20 kids, 6 adults massacred in US schoolBy Mariano Andrade
NEWTOWN, Connecticut—Twenty small children and six teachers were massacred on Friday when a young gunman walked into a quiet surburban Connecticut school armed with sophisticated handguns.
Connecticut State Police spokesman Lieutenant Paul Vance said 18 children were killed inside Sandy Hook Elementary School and that two more died of their wounds in hospital.
Six adults at the school were killed, including its principal, before the killer was shot—either by his own hand or police.
There were very few non-fatal injuries reported, indicating that once targeted, there was rarely any chance of escape, and that the gunman was unusually accurate in his fire.
Vance said the majority of killings, which began at around 09:30 a.m., “took place in one section of the school, in two rooms.” He was reported to be carrying at least two handguns.
Local media reported that the shooter began in the kindergarten section where he killed his teacher mother and her class, then moved on. The child victims were reported to be aged between five and ten.
Initial media reports quoted police sources identifying the shooter as 24-year-old Ryan Lanza. However, after initial confusion, police now believed the killer was Lanza’s brother Adam, 20, other reports said.
The surviving brother was in custody and being questioned, according to US television reports.
In addition to the bloodbath at the school another body was found at a residence in Newtown, bringing the total bodycount so far to 28.
A tearful President Barack Obama went on national television to express his “overwhelming grief.” He ordered flags to be lowered at half mast.
Of all US campus shootings, the toll was second only to the 32 dead victims in 2007 massacre at Virginia Tech.
The number far exceeded the 15 killed in the 1999 Columbine High School massacre, which triggered a fierce but inconclusive debate about the United States’ relaxed gun control laws.
Witnesses described a terrifying bloodbath in the small town school, shortly after classes had got underway.
“I was going back to my classroom and I heard like a person kicking on the door and I turned around I smelled smoke,” an eight-year-old boy told NBC.
“Then bullets whizzed by and then a teacher pulled me into her room,” he said, describing “total panic.”
Other witnesses described an intense fusillade, with perhaps 100 rounds fired, and seeing a corridor splattered with blood.
“I was in the gym at the time … we heard lots of bangs, and we thought that it was the custodian knocking stuff down. We heard screaming. And so went to the wall, and we sat down,” a young boy told WCBS television.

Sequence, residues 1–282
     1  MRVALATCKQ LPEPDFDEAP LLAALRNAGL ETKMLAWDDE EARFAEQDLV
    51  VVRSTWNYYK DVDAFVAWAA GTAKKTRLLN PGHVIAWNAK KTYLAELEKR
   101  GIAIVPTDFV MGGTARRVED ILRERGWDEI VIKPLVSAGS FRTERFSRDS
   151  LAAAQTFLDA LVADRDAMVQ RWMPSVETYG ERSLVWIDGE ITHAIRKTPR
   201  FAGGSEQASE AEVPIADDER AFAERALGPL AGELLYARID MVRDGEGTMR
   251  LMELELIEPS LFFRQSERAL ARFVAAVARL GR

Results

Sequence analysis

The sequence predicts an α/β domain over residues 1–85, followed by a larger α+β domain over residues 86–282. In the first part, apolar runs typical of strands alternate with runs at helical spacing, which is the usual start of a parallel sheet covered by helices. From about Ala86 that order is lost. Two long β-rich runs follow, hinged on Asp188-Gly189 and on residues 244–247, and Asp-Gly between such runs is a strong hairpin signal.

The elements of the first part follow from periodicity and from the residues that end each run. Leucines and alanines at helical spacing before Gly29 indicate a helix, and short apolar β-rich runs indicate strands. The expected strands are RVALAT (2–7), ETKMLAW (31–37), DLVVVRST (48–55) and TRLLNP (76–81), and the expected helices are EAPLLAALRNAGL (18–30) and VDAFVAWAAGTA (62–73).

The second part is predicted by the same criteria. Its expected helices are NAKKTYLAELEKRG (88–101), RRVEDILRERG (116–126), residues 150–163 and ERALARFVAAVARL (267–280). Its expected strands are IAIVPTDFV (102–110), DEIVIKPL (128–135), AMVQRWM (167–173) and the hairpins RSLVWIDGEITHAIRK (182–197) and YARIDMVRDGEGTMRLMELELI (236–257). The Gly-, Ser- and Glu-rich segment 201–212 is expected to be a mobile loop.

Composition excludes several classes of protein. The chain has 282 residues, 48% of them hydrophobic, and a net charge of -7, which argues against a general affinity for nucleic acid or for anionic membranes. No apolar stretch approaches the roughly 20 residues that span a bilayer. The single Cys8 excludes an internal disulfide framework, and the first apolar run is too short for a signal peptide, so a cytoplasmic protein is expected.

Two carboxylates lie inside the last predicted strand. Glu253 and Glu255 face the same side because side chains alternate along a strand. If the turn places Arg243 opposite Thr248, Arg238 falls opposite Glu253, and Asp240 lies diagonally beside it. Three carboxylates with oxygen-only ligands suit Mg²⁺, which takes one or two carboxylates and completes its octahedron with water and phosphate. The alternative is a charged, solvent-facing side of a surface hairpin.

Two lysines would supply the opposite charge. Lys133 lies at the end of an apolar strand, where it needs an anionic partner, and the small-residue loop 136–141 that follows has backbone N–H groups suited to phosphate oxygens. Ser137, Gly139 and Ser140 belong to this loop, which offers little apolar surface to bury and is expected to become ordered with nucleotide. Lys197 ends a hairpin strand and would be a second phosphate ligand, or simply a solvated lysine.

“Then the police came in. It’s like, is he in here? Then he ran out. Then somebody yelled get to a safe place, so we went to the closet in the gym and we sat there for a little while,” he said, as stunned parents arrived.
“Then the police like were knocking on the door, and they’re like, we’re evacuating people, we’re evacuating people. We ran out.
“They’re police at every door leading us down this way, this way. Quick, quick, come on. We ran down to the firehouse. There’s a man that pinned down to the ground with handcuffs on,” he said.
Police swarmed into the leafy neighborhood after the shooting, while other area schools were put under lock-down, police and local media said.
A photo on the Newtown Bee newspaper’s website showed officers leading more than a dozen frightened small children across a parking lot.
Deadly shootings are a frequent occurrence in US public places, often ending only when the gunman is shot or kills himself.
On Tuesday, a man with a semi-automatic rifle raked an Oregon shopping mall, killing two people, then taking his own life.
In the most notorious recent incident until now a 24-year-old, James Holmes, allegedly killed 12 people and wounded 58 others when he opened fire in a midnight screening of the latest Batman movie in Aurora, Colorado, in July.
Last month, gunman Jared Loughner was jailed for life for killing six people in Tucson, Arizona, in January 2011 in an attack targeting congresswoman Gabrielle Giffords, who was shot in the head at point-blank range but survived.
However, despite the tragedies, support for tougher gun ownership laws is mixed, with many Americans opposing restrictions on what they consider to be a constitutional right to keep powerful firearms at home.